Amit grew up in a farmer’s family in India and like the other kids “in the hood”, his early career aspirations included joining the army or becoming a cricketer. Amit’s pre-doctoral studies at the Indian Institute of Science‒Bangalore (IISc) involved the total synthesis of natural products and protein folding studies. He was ranked among top 5 students nationwide in the entrance exams of IITs and IISc. In 2006, he moved to Univ. of Wisconsin‒Madison to pursue his graduate studies with Prof. Ron Raines. Amit’s doctoral thesis describes the discovery of a force (termed n→π* interactions) that is akin to the hydrogen bond in its quantum mechanical origin and widespread prevalence in biomolecules.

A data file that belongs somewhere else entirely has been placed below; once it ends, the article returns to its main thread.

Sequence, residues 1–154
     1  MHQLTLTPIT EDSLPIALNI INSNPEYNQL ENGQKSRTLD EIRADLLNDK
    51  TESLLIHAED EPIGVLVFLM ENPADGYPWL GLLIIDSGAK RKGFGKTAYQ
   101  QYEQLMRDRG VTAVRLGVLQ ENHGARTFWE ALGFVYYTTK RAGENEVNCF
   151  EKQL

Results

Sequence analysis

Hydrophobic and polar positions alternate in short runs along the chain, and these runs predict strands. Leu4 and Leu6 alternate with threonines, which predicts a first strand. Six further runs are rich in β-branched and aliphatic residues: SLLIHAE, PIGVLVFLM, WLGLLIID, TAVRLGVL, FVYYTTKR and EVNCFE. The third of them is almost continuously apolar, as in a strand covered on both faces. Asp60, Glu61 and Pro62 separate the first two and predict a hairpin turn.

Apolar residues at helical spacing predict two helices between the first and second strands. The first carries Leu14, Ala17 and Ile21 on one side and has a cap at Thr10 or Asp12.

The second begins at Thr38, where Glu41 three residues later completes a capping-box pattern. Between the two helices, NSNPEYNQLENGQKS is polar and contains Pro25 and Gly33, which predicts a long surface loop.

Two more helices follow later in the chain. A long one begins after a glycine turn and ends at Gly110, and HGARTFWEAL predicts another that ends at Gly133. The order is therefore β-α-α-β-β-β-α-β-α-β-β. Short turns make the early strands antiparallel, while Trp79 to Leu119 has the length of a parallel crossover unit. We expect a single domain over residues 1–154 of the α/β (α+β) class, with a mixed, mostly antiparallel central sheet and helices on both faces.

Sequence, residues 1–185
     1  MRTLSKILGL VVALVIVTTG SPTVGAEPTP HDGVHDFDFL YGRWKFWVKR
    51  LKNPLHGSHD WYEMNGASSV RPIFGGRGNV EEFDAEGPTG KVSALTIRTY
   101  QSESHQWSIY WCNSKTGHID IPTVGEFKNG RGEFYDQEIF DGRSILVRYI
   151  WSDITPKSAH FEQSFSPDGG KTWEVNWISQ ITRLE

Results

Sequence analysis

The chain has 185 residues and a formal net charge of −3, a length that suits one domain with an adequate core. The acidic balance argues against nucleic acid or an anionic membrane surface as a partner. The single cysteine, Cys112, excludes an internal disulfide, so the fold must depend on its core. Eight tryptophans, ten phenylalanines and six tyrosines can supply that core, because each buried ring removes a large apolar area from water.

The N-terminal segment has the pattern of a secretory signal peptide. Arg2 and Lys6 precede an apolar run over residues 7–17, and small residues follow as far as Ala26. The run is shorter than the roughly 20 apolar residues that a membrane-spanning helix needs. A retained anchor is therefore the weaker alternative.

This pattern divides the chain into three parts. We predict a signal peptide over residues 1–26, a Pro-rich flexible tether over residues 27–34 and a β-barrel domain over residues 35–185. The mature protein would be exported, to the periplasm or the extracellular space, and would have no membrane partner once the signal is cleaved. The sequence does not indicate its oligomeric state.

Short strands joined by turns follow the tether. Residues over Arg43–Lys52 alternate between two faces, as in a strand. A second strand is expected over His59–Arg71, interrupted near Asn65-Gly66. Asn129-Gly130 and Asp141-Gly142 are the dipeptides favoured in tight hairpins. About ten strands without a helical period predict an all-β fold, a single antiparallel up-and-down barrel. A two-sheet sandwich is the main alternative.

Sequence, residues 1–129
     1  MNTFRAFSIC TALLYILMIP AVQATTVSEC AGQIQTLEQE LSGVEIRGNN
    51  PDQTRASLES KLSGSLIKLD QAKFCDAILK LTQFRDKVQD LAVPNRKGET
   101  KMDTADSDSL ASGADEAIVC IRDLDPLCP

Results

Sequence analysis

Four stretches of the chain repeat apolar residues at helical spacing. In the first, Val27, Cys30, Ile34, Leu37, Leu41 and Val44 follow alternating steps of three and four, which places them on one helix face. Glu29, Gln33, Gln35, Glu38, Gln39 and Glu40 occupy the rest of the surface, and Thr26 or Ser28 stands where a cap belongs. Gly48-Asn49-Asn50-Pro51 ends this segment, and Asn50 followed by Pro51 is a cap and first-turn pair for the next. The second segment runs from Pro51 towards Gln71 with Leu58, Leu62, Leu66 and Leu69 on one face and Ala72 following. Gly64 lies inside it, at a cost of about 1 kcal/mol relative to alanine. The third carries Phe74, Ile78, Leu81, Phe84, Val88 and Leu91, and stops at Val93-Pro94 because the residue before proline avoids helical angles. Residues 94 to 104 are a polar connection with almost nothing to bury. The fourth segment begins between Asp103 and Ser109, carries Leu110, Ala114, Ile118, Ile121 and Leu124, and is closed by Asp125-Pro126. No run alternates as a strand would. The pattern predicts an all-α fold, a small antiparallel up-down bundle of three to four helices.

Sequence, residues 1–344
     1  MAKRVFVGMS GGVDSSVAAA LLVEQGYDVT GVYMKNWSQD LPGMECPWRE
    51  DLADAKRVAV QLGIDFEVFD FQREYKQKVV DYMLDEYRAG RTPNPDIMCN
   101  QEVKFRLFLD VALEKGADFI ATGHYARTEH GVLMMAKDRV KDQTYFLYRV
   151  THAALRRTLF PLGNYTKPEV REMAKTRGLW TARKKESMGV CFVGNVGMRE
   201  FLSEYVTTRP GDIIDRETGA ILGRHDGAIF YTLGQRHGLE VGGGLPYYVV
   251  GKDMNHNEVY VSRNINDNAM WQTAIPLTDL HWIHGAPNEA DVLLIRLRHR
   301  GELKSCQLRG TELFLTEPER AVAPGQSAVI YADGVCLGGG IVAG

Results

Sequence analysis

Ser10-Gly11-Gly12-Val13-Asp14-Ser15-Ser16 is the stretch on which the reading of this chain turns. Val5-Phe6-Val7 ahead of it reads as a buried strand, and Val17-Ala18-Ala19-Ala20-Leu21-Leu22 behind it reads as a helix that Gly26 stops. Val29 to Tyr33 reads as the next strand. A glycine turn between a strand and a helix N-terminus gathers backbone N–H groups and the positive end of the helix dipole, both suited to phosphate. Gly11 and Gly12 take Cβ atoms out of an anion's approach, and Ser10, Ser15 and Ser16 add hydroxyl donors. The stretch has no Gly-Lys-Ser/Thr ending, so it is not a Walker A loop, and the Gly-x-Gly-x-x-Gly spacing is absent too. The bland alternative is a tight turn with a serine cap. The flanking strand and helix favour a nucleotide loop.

Amit got interested in infectious disease and diabetes on observing a rampant prevalence of tuberculosis-triggered diabetes in many Indian families, including his own. In 2011, Amit was elected as a Harvard Junior Fellow and hosted by Prof. Stuart Schreiber at the Broad Institute. Here, he decided to shift his research focus from quantum mechanical interactions to infectious disease and diabetes. In 2016, he started as an Assistant Professor of Medicine at Harvard Medical School and he also holds appointments at the Brigham & Women’s Hospital and the Broad Institute. The efforts of Amit’s group have been recognized by Burroughs Wellcome Fund’s Career Award at the Scientific Interface, NIH Director’s Transformative Research Award, DARPA’s SAFE GENES and HEALR awards, Vilcek Prize for Creative Promise, ICBS Young Chemical Biologist Award, and Juvenile Diabetes Research Foundation’s Innovation Award. Amit is scientific founder of Photys Therapeutics that leverages group’s findings on bifunctional molecules that induce or remove post-translational modifications.